A New Metaphysics of Necessity

A New Metaphysics of Necessity

There is a tacit recognition in the history of philosophy that in order to account for necessity we need to introduce a split in what we regard as overall reality. Thus, we have the idea that necessity resides in meaning, conceived as separate from the ordinary reality of things and properties, and also the idea that necessity resides in a totality of possible worlds, conceived as separate from the actual world. We need to adopt a type of dualism (doubling of worlds): of world and meaning, or of actual world and possible worlds. The latter worlds are conceived as shadowy (if not shady) in relation to the primary reality of the non-semantic and actual worlds. Necessity belongs in a separate sphere of reality, specially designed for it. These are both good ideas, in their way, because they accept that reality needs to be carved into two parts in order to do justice to necessity. A metaphysics of necessity needs to be ontologically expansive (non-local) in some way. Necessity can’t exist in a world consisting only of ordinary objects with ordinary properties (what we might call the-cat-sat-on-the-mat metaphysics). We might even have to countenance something relatively exotic. Along these lines, I will defend a split-reality metaphysics of necessity, specifically a two-worlds approach. I shall say that necessity is truth in the deep world and contingency is truth in the surface world. So, I believe in two worlds existing side by side, one deeper than the other. I am a “world dualist”. But my dualism is not the same as other dualisms that dot the philosophical landscape: mind and matter, appearance and reality, concrete and abstract, fact and value, particular and universal, noumenal and phenomenal. I have in mind a different sort of distinction that has no accepted name (or even being), which I will call the world of essences and the world of facts. The intuitive idea is that some truths correspond to things that have been brought together, assembled, combined, while other truths do not correspond to such joining, but concern inseparables, indivisible wholes. For example, my table may have a cup on it, which has been brought to the table from elsewhere and can be disjoined from it; it may also have the property of being brown or shiny. Such circumstances may be described as combinatorial in somewhat the manner in which Wittgenstein spoke of facts as combinations of objects (with properties and relations included under “objects”). These arrangements are contingent, accidental, mutable, conceivably otherwise. But my table might have other properties which are not like this, e.g., being made of wood (or a particular piece of wood). Here we cannot separate the object from the property: the wood was never brought to the table, combined with it, placed next to or on it. The wooden table is not the result of a combination of objects with a prior and independent existence: the table has no being without the wood that composes it. The truth that the table is made of wood (this wood) is a truth of essence not a truth of fact in the aforementioned sense; it isn’t combinatorial. It is a truth about the nature of the thing not about what accidentally befalls it. And natures are not combinations of independent existences, since without a nature a thing cannot exist at all. So, we have two levels or layers of being: a world of essences and a world of combinations (facts in roughly the sense Wittgenstein had in mind). The former give rise to necessities and are eternal and immutable; the latter give rise to contingencies and are (typically) temporary and mutable. We can say that necessities exist in the former world and contingencies exist in the latter world. These are different kinds of world (compare the world of meaning and the non-linguistic world) in that they have a different kind of “architecture”—one being combinatorial and the other being non-combinatorial. If the world is the totality of facts in Wittgenstein’s sense (complexes of objects), then that world does not include necessities (essences); and the world of essences does not include the world of facts, since it doesn’t admit of combination and recombination. (Note that Wittgenstein does not locate necessity in the world of facts, since for him it consists solely in tautologies). We have two different modes of being here—two different ways of constructing reality. And the point generalizes: numbers have no existence without their essential properties (there is no such thing as bringing evenness to the number 2), and bachelors are not combined with the state of being unmarried (they are unmarried by definition). In other words, de re necessities (and de dicto) are differently formed from contingencies—they are found not made, constitutive not compositional. You can’t arrange for the table (thattable) to be made of wood; it just is, essentially, ineluctably. The point is that talk of two worlds is justified by the inner architecture of the realities in question (I won’t say facts because I am using “fact” here in the narrow Wittgensteinian sense). But why do I say “deep world” and “surface world”? First, because we don’t see the world of essences; it is hidden from view. We know it but we don’t perceive it: we never observe the coming to be of an essential nature on the part of a pre-existing object, since there was no table before the piece of wood came into its life. But we do see the combining operation that forms contingent facts (we see the table being painted, for example). Second, the surface world presupposes the deep world in that there could be no combination of objects without antecedent objects possessing a determinate nature: essence precedes existence. Facts need constituents and constituents need natures. But the world of essences doesn’t need the world of facts (compare Plato on particulars and universals): things can have natures in logical independence of combining with other things. Third, the essence of an object is a deep truth about it in contrast to its contingent and fleeting properties. So, the world of essences is a deeper world than the world of facts; and this means that necessities are deeper than contingencies—more fundamental, more formative. Necessary truths are therefore metaphysically deeper than contingent truths. They call for a further world and this world is deeper than the world of contingency. We don’t need meanings and a plurality of worlds to capture the nature of necessity (in my judgment anyway[1]) but we do need an extra layer of reality; we need that ontological split. Metaphysically speaking, necessity has to reside in a different place from contingency; it needs its own dimension. No doubt this is why it has always seemed metaphysically threatening (it was the biggest threat to logical positivism). Linguistic theories seek to confine it to the realm of meaning, while possible worlds theories multiply non-actual worlds for it to inhabit; according to the deep world theory, we need to recognize two layers to our world, with necessity existing in the deeper layer. Necessary truth is defined as truth in virtue of the deep world. Let me add that this theory, like the others, brings with it a vision of reality that can alter your way of seeing the world: you see it as having an outward perceptible form consisting of myriad combinations of objects and you see it as harboring an underlying reality of unchanging essences that are not combinatorial at all. There is no juxtaposing at this deeper level, no moving of pre-existing pieces around (like a chess game); rather, there are fixed and immutable indivisible realities—as that the table is essentially made of wood. In particular, the table and its constitutive chunk of wood were never at distinct points of space from which they moved in order to live happily together; rather, the table has no reality other than being made of that piece of wood. When you look at the table you are gazing at the intersection of two worlds, a world of essence and a world of accident (e.g., the cup sitting on the table for a while). Both these worlds occupy your visual field. You see the table as a metaphysical nexus consisting of a surface structure and a deep structure (to coin a phrase). The (whole) world is the totality of facts and essences. This is what you feast your eyes on every day. The universe comes to seem like a happy superimposition of one world on another, with necessity lurking just beneath the surface.[2]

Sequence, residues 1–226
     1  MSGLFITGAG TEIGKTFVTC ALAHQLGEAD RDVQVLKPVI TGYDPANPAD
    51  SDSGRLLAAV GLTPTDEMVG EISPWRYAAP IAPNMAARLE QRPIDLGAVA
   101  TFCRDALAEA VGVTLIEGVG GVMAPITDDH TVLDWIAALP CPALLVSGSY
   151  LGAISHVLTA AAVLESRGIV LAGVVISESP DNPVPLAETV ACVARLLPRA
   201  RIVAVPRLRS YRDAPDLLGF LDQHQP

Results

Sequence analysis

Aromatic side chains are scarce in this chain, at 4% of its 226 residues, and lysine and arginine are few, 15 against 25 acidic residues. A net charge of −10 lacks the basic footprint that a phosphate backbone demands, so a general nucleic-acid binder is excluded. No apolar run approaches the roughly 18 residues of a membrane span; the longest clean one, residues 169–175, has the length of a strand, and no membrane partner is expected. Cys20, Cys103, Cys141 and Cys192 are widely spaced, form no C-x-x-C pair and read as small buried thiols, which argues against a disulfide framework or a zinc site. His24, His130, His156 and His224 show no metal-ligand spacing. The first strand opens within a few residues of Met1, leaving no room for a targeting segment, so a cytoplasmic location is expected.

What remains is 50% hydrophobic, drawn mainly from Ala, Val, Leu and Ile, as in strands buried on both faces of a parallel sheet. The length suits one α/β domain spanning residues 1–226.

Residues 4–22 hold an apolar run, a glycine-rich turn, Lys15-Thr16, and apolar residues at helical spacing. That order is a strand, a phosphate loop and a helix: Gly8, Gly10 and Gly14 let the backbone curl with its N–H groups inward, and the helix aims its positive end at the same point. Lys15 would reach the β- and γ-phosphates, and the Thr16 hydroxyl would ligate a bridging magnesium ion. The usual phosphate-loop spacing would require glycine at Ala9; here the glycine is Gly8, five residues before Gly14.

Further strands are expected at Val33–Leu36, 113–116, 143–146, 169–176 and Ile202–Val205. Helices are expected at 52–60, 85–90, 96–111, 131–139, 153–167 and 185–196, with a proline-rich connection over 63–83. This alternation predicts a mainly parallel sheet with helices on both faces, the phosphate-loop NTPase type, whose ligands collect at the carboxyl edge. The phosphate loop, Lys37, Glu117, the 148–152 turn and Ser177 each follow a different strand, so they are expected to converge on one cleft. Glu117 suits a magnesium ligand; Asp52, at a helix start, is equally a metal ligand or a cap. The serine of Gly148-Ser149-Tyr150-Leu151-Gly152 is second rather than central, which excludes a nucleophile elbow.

[1]There is no inconsistency between the deep world theory and the other two theories, though I would object to them on other grounds. My point is that we all agree that necessity requires more than the ordinary world of perceived particulars; it needs its own special place—the question is where. An advantage of my proposal is that the necessity lies exactly where it is supposed to lie, i.e., in the object of predication, not in language or other worlds. It exists in the world of essences that underlies the world of facts, which is not somewhere else entirely.

[2] There is a question what to say about the necessity of origin, given that parents are spatially separate from their offspring. Here we should say that the child doesn’t have the property of being the child of these particular parents in an external manner, because without having that property it would not be the individual that it is. The case is like natural kinds: I don’t combine with the property of being human as I combine with the property of being a philosopher, because there is no conceiving of me as existing without being human. You can’t be said to combine with something that is a necessary condition of your existence. Combination requires logical independence.

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4 replies
  1. Ahmadi
    Ahmadi says:

    you say that essences are not combinatorial . Do you mean that the essences are not analyzable ? your metaphilosophy presuppose analyzable essences : Philosophy is in the business of searching for the essences of things by analyzing concepts